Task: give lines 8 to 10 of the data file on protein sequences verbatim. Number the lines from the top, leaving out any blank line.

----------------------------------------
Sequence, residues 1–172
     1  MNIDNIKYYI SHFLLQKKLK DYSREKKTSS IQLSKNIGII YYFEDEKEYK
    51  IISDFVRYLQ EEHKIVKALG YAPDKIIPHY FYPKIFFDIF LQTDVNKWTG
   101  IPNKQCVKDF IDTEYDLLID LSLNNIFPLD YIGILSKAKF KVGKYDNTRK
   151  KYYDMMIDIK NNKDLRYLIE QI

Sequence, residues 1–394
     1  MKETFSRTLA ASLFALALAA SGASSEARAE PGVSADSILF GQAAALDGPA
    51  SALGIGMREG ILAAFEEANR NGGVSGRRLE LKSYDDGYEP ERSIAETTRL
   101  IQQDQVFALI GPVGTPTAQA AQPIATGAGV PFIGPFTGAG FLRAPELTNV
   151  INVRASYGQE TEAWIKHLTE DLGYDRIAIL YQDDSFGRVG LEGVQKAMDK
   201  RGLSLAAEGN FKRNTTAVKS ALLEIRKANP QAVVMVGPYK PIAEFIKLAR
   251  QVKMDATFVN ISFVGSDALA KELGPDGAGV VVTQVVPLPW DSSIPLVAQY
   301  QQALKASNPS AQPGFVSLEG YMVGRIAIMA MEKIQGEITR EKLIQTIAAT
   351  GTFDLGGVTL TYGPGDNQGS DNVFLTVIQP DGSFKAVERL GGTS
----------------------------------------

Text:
    51  SALGIGMREG ILAAFEEANR NGGVSGRRLE LKSYDDGYEP ERSIAETTRL
   101  IQQDQVFALI GPVGTPTAQA AQPIATGAGV PFIGPFTGAG FLRAPELTNV
   151  INVRASYGQE TEAWIKHLTE DLGYDRIAIL YQDDSFGRVG LEGVQKAMDK